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In this issue:
Humboldt Awardees Explore Superconductivity at SLAC and Abroad
Public Lecture Tonight: Deep Secrets of the Neutrino—Physics Underground

SLAC Today

Tuesday - March 23, 2010

Humboldt Awardees Explore Superconductivity at SLAC and Abroad

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Postdoc Patrick Kirchmann recently won the Feodor Lynen award from the Humboldt Foundation. He is shown here in a SIMES lab. (Photo by Julie Karceski.)

The Alexander von Humboldt Foundation has recognized two more members of the Stanford Institute for Materials and Energy Science with research awards, in addition to the recent fellowship award to Anders Nilsson. The foundation's prestigious awards offer researchers with notable achievements opportunities to do potentially groundbreaking research in German universities and abroad. For SIMES researchers Tom Devereaux and Patrick Kirchmann, that involves exploring the mechanism of superconductivity in a recently-discovered class of superconductors, iron pnictides.

Devereaux, a former Humboldt Fellow, received a Humboldt Foundation Prize, given to alumni fellows to support a long-term research project. Devereaux shares the prize with long-time collaborator Rudi Hackl from the Walther-Meissner-Institut in Germany. The prize provides support for research projects of the recipient's choosing. Devereaux will work on developing theories of an X-ray based materials research method called advanced light scattering spectroscopy and its applications for the study of superconductivity. Along with Hackl, he will spend part of his fellowship at the Bavarian Academy of Sciences in Munich, Germany.

Newly arrived SIMES post doctoral researcher Patrick Kirchmann received the Humboldt Foundation's Feodor Lynen Fellowship. The Lynen award provides German postdocs with up to two years of support for research work abroad, under the guidance of a previous Humboldt fellow. The prize has allowed Kirchmann to travel here from the Fritz Haber Institute of the Max Planck Society in Berlin to work at SIMES.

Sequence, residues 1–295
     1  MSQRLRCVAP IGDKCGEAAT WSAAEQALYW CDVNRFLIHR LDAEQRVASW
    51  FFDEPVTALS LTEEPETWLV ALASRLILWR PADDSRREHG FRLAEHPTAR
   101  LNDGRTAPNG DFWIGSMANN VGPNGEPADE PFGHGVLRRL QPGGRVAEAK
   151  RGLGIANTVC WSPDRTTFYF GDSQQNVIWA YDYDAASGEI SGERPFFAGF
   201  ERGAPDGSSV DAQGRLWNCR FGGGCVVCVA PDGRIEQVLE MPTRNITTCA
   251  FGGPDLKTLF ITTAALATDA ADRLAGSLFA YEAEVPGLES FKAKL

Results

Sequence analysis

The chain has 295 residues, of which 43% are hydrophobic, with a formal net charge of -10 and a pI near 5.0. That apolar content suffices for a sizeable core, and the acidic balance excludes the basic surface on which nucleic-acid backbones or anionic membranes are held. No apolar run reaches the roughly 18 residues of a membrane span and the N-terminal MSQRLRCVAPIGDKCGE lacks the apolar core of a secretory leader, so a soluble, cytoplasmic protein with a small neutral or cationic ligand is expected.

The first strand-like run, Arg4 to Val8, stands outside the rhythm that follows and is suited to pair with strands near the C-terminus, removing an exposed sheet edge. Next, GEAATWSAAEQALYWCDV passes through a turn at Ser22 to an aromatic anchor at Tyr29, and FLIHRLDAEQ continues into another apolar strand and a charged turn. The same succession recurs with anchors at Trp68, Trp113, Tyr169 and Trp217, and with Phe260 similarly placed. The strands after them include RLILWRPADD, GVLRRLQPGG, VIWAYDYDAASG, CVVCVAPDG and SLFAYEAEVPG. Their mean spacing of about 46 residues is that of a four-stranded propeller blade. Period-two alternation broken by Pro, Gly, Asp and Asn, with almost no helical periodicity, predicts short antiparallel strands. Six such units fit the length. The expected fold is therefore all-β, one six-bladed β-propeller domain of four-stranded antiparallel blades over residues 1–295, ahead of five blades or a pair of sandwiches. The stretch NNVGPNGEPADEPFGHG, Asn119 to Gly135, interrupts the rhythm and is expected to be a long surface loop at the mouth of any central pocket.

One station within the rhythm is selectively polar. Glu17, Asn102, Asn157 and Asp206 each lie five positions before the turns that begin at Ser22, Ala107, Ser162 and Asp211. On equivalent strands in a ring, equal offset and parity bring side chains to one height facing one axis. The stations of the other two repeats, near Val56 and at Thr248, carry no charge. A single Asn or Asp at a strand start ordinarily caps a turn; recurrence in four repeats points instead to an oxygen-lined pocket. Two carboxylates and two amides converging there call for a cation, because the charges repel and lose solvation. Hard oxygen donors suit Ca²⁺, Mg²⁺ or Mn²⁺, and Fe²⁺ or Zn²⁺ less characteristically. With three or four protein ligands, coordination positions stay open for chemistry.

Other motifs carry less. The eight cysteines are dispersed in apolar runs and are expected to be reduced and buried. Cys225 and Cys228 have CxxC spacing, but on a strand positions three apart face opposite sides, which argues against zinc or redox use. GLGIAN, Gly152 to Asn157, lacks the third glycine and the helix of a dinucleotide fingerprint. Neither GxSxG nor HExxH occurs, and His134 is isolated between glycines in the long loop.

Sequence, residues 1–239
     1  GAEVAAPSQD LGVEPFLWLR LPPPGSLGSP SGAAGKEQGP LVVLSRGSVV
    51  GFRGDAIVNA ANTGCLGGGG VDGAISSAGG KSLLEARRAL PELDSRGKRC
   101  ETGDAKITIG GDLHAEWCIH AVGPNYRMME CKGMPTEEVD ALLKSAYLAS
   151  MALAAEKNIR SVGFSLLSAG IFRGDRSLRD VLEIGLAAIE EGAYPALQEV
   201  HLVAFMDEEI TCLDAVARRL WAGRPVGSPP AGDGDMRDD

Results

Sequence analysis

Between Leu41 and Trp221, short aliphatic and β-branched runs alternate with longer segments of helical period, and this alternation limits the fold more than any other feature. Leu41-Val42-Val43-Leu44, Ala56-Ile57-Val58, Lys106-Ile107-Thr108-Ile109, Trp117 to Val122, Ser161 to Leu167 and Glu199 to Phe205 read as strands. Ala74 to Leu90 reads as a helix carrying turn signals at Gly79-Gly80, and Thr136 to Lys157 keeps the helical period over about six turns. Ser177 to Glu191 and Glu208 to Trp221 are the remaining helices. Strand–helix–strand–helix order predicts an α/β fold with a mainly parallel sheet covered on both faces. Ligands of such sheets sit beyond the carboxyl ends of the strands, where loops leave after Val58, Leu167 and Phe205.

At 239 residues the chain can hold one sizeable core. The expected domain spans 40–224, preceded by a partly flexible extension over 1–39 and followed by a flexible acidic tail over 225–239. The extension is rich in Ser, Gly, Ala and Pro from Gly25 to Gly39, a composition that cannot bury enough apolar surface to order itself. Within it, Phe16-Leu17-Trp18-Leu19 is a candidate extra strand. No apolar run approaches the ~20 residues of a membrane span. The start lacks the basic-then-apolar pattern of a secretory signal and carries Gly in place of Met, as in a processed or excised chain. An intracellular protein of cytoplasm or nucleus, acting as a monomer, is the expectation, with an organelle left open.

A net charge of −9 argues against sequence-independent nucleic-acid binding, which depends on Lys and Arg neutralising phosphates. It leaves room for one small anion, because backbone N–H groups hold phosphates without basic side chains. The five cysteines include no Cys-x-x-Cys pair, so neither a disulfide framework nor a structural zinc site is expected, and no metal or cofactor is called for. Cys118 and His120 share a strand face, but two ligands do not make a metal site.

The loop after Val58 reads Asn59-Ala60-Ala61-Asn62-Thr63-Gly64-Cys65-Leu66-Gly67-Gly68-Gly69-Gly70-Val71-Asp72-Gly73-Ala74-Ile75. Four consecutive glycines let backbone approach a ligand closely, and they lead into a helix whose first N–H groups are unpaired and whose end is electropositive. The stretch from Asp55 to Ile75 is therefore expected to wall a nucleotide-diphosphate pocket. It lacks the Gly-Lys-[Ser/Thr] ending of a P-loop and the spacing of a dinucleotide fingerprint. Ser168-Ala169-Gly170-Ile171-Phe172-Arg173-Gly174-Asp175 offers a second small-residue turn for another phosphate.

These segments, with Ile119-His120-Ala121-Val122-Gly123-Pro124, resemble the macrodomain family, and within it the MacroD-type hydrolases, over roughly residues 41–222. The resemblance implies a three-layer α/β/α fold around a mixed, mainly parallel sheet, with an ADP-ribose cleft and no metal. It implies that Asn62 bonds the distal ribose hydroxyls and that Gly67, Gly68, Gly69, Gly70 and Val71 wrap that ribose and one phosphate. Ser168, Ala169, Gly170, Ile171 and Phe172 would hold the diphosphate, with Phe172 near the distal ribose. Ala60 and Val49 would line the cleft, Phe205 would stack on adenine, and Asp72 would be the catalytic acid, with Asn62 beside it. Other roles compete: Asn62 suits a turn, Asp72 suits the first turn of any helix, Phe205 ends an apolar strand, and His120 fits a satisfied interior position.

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(Image - event poster)
(Poster by SLAC InfoMedia Solutions.)

Public Lecture Tonight: Deep Secrets of the Neutrino—Physics Underground

Tonight at 7:30 p.m. in Panofsky Auditorium, SLAC researcher Peter Rowson will discuss his work with the Enriched Xenon Observatory here at SLAC and deep in a New Mexico salt mine, with a SLAC public lecture, "Deep Secrets of the Neutrino: Physics Underground."

Among the many beautiful, unexpected and sometimes revolutionary discoveries to emerge from subatomic physics, probably none is more bizarre than an elementary particle known as the "neutrino." More than a trillion of these microscopic phantoms pass unnoticed through our bodies every second, and indeed, through the entire Earth, but their properties remain poorly understood. In recent years, exquisitely sensitive experiments, often conducted deep below ground, have brought neutrino physics to the forefront. In this talk, Rowson will explore the neutrino—what we know, what we want to know, and how one experiment in a New Mexico mine is trying to get there.

Overflow space will be available in Kavli Auditorium. The event is free and open to all!

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